Yesterday, Nintendo aired a new Direct presentation centered on its next big Switch release ARMS, and closed with a small single-player trailer for Splatoon 2. While I’m not a huge fan of fighting games and really couldn’t care less about ARMS at this point, I was curious to see exactly what the game would include, and find out definitively whether or not there was enough here to change my opinion. Let’s dive in, shall we?
- The character design is pretty decent here. There’s a lot of variety in both the aesthetics (standard fighters, ninjas, pop stars, autonomous robots, non-autonomous robots, etc.) and functions (each character seems to have some unique ability to distinguish them).
- The arena designs, on the other hand, are not terribly inspired. They all look nice and have some small differences, but for the most part they seem interchangeable.
- The various non-fighting modes are nice, but they look kind of shallow and may not have a lot of replay value. Dunking opponents through a basketball hoop made me laugh when I saw it, but I feel like both that and the volleyball mode would get old pretty quickly. Grand Prix reminded me of the old Mortal Kombat “climb the ladder” setup (which I never really enjoyed, but a lot of people did), and 1 vs. 100 has a Super Smash Bros. vibe to it (actually, I wasn’t a huge fan of that mode in SSB either). Andre from GameXplain muses in their Direct discussion that the single-player content here will be pretty light (perhaps even lighter than in Splatoon), and I think he’s on to something.
- Back in my E3 post, I said that Nintendo should adopt the Splatoon-style approach of releasing more (free) content in the months after the game’s release. Not only is Nintendo doing this, but they’re going a step further a running a “Testpunch” event across two weekends to give players a taste of the game (and the company’s servers a taste of the loads they’ll see in production). This is a great move to get skeptics like me to give the game a spin with no strings (springs?) attached, and perhaps convince them to take a chance on buying the full game.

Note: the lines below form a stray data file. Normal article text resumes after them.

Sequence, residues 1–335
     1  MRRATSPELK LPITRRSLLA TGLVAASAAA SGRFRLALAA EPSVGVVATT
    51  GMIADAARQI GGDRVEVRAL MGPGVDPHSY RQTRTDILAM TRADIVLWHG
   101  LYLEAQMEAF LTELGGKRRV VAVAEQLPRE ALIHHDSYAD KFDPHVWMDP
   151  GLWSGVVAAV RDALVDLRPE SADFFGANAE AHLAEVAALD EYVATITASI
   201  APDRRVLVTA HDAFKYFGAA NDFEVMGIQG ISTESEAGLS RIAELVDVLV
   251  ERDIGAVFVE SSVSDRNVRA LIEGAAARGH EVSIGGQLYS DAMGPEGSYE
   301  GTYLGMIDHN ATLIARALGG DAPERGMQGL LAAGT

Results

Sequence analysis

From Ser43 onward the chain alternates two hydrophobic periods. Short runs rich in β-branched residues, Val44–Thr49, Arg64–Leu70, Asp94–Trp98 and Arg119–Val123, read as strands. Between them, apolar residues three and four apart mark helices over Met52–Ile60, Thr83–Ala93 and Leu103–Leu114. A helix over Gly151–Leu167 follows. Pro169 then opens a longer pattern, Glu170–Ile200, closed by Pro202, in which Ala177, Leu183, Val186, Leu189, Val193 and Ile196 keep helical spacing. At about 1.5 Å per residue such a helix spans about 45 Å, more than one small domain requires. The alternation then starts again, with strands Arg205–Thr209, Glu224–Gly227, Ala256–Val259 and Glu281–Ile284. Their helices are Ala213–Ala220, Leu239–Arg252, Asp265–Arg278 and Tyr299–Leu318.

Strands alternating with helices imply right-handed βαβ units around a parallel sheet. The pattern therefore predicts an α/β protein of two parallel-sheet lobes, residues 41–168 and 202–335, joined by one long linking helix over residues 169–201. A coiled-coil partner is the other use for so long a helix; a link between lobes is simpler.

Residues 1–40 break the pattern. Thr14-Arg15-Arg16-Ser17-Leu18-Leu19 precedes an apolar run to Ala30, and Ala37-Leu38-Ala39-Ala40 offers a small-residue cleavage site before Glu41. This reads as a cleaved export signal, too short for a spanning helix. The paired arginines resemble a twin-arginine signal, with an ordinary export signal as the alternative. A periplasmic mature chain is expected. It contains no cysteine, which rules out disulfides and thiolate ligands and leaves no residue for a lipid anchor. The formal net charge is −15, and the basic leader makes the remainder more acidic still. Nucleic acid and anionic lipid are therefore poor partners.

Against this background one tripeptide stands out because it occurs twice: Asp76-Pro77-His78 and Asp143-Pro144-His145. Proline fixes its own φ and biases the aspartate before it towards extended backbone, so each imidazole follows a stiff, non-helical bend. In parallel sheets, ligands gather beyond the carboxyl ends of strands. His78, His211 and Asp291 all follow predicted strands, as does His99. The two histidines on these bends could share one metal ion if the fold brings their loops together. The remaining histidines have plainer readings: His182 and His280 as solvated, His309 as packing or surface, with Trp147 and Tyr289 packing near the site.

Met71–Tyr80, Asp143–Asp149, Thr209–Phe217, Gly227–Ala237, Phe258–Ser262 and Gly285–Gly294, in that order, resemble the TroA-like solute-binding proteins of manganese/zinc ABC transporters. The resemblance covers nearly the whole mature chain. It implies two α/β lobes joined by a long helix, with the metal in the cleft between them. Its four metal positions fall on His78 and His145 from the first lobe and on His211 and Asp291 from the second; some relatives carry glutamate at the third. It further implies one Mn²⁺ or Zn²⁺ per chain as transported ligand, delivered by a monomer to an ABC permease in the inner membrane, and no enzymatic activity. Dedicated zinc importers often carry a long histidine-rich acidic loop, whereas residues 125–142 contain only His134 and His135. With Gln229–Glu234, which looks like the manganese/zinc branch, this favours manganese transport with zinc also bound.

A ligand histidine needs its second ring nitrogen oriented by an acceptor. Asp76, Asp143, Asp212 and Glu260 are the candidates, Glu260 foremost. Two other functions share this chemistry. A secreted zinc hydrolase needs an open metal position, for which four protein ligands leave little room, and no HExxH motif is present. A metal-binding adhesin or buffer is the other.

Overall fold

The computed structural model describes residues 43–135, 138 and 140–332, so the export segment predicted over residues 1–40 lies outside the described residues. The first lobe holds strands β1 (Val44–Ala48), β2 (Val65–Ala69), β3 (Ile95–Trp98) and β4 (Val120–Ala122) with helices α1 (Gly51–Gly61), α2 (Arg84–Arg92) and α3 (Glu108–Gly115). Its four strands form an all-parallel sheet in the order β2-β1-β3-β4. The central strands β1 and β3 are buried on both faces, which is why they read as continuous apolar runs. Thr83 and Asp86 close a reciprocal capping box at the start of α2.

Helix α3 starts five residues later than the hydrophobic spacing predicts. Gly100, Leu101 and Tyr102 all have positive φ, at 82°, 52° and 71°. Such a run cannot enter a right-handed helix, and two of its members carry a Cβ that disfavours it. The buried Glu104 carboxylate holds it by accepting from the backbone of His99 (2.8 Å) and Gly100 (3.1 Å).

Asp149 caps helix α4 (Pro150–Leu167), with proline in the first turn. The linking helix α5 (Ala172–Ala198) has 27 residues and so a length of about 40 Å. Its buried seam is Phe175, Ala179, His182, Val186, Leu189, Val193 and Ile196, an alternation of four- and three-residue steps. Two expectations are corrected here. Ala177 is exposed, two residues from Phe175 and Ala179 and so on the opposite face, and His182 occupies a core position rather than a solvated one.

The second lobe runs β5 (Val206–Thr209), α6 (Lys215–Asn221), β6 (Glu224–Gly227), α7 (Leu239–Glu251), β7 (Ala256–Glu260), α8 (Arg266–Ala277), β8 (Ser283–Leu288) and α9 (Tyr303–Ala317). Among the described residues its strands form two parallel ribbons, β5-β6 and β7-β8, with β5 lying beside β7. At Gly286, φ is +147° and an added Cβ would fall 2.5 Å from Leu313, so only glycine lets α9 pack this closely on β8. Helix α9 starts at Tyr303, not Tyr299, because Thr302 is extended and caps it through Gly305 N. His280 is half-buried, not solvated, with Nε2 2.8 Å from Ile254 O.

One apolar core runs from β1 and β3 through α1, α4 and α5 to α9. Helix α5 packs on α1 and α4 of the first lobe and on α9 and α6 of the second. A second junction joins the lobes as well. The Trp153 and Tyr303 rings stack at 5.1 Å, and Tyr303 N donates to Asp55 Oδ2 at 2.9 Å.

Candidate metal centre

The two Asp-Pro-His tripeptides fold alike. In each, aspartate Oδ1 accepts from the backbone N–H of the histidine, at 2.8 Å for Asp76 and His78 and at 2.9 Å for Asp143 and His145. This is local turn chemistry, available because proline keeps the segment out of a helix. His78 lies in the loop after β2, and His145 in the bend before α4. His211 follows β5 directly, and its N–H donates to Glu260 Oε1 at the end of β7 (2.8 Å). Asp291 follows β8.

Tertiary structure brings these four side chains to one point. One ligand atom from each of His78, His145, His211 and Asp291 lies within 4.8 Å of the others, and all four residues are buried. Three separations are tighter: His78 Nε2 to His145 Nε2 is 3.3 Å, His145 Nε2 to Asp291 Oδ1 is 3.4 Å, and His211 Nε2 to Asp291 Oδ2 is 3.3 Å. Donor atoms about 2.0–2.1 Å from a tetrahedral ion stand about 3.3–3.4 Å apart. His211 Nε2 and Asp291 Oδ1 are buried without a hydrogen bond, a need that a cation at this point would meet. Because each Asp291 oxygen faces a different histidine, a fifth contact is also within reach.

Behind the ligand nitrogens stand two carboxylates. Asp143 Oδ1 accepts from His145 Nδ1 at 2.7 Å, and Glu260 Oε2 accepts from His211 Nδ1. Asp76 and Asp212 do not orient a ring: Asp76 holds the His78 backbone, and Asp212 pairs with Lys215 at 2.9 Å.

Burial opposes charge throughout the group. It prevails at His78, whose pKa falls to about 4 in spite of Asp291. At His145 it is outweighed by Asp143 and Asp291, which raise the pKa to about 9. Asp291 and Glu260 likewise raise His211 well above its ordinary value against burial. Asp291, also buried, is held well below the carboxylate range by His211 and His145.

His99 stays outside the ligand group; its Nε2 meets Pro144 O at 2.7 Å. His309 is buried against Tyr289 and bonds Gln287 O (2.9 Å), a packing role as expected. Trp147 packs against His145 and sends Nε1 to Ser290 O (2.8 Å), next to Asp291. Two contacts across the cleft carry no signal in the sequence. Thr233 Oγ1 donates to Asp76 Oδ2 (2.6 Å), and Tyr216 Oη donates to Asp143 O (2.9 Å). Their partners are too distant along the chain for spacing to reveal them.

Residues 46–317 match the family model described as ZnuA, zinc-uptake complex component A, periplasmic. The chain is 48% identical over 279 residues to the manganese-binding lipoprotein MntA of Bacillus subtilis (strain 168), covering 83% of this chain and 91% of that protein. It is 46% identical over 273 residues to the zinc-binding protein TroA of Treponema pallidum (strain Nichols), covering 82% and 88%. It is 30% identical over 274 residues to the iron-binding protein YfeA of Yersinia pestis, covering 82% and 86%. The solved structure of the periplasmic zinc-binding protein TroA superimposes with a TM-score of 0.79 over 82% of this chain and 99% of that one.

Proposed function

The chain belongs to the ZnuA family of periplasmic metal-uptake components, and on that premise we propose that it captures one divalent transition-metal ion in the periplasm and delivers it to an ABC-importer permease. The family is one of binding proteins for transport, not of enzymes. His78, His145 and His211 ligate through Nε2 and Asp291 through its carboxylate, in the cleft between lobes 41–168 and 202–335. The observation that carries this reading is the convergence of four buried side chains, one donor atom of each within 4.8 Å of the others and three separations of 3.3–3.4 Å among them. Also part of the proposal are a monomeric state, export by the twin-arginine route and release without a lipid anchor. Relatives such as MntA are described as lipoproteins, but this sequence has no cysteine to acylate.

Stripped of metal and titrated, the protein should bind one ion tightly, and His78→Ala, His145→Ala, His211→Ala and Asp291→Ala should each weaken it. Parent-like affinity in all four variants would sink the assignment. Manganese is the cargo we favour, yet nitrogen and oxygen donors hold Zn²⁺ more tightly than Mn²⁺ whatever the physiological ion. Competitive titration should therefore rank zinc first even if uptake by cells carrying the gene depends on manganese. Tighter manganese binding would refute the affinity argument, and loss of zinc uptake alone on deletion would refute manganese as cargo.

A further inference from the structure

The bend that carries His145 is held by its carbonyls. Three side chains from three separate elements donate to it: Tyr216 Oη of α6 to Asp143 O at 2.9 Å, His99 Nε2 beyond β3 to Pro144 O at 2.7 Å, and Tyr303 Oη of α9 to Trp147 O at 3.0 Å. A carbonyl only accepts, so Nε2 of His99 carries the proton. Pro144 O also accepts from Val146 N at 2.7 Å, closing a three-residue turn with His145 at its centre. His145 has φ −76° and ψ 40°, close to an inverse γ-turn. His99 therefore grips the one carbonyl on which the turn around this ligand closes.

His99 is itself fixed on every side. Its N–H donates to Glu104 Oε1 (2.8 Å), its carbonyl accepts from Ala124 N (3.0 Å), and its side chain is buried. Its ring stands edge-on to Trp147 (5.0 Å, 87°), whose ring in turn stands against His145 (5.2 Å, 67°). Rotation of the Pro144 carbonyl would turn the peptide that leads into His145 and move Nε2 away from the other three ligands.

- The highlight of the Direct for me was the Splatoon 2 trailer, and it was as good as I had hoped. The single-player mode has more enemy and weapon variety (although I didn’t see the “Hero .96 Gal” I wanted), and builds nicely on the lore from the original game. While I’m not 100% sold on the “evil Callie” theory that’s been floating around, it would certainly be an interesting plot twist. (I also like the Hero Suit design a lot more now—the clothing now screams “cool Squidbeak splatoon member” instead of “highway safety worker.”)
- I’m starting to think Nintendo’s going to owe Blizzard some royalties with its upcoming titles, because I’m seeing a huge Overwatch influence in both ARMS and Splatoon 2:
- The character roster in ARMS feels very Overwatch-like in its composition (very diverse) and some of its specific designs (Mechanica is basically a ten-year-old D. Va).
- In addition to the similar Splatoon 2 special attacks (the Ink Slam looks a lot like Lucio’s Sound Barrier, while the Jet Pack makes me think of Pharah’s Barrage), if the “evil Callie” theory is indeed true, then she’s basically Widowmaker. (It’s too bad that Marie wasn’t the captured one, as her charger preference would have made her the perfect Widow clone.) Honestly, I’m kind of hoping for more of this sort of thing (the charger equivalent of McCree’s Deadeye would be both awesome and terrifying).
In the end, this Direct was a 90% no-op for me: I’m still not that excited by ARMS, and I was already super-hyped for Splatoon 2. Still, that last 10% is key, because the ARMS Testpunch might be the thing that finally gets me excited about that game. (At the very least, the event will be worth a good blog post afterwards.) With these two games and the mountain of 3DS titles coming this summer, Nintendo appears to be heading into E3 with the most momentum that it’s had in years.